Here’s a new sample off the big loom; this blanket really captures the feeling of what I wanted to create; a large textile with softness, drape, painterly shading, texture and lustre.
I think the research and development process over the past year has really opened my eyes, and working with materials in the hand (over a pre-designed idea) has allowed for experiments and serendipity towards a set of pieces that work together to tell the story of the Selkie.
I learnt during my arts therapy training that it is the process and not the outcome that holds the real power, and that’s true of my weaving process. And from my days as a design student, the emphasis was on research, but also design development, often on paper as sketches or working-drawings. I abandoned this step in my practice as a pattern cutter, as the material must always be the primary source; experimental draping, cutting, working on the stand in three-dimensions would give me the flow into the work that sketching could not.
In the head-versus-hand conflict of the designer-maker, the hands must win, and therefore the fabric, the material, the textile speaks for itself. Any makers reading this who struggle with blocked flow or over-thinking, just get to your tools and make, find the materials that respond to your touch and get to work; make for a week, make for a year, then see what you have created and decide if you feel happier about the pieces created during this time. Less thinking, less procrastination, less sketching, more tangiable making. (Not everything will be amazing, but it will be a rich seam into the development and sampling process, each finished piece has merit.)
My weaving work is seemingly very different to my fashion and theatre work, however I’ve come to see the same elements I was drawn to manifesting in my current pieces; the love of texture, play of light, certain colours in combination. In my (unfinished) MA project, I was looking at developing a way to colour-match skin tones to create a set of seven dresses, all cut to the same proportions, a rainbow of skin shades. I was in fact seeking a second-skin for myself, an object to hold me together. Anyone familiar with attachment theory and transitional objects will hear the child’s voice in this admission, I was seeking my sense of self and security in a garment the same colour as my skin.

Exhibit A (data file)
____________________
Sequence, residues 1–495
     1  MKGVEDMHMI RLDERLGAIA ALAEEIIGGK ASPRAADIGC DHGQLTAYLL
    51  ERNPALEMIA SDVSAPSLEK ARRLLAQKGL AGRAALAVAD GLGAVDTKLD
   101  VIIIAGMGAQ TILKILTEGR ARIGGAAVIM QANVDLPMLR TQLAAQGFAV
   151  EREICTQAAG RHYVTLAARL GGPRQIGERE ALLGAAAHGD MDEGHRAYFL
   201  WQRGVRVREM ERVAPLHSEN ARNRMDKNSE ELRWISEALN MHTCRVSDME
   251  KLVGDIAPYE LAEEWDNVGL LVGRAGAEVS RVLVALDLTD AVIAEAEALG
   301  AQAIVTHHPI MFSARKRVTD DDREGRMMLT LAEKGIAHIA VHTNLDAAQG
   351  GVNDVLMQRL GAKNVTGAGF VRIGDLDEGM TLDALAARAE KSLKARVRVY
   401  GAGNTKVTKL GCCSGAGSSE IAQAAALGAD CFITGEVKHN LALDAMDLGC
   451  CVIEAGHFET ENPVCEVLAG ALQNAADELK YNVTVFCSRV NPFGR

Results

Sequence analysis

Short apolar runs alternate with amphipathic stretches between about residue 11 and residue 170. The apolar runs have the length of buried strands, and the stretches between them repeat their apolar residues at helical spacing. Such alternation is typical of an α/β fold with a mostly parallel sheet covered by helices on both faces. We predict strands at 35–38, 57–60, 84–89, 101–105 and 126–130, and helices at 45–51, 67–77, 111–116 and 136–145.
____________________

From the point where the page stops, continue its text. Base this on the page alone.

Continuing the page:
And having been guided to the Selkie myth, I am again working with the symbol of skin, the container, the garment that holds the Soul within. Enough time has elapsed that I can see the link between my MA project and my need to return to the symbol of the seal-skin. The words for this will develop in the coming months as more Selkie-blankets are made, but for now I’m feeling very empowered by the opportunity to work again with this motif, that seems to be appearing again for attention, conversation and (perhaps) reconciliation.
Wishing you a productive week of making,
120cm x 200cm
Badger-faced yarn & Blue-faced Leicester yarn on a linen-viscose warp.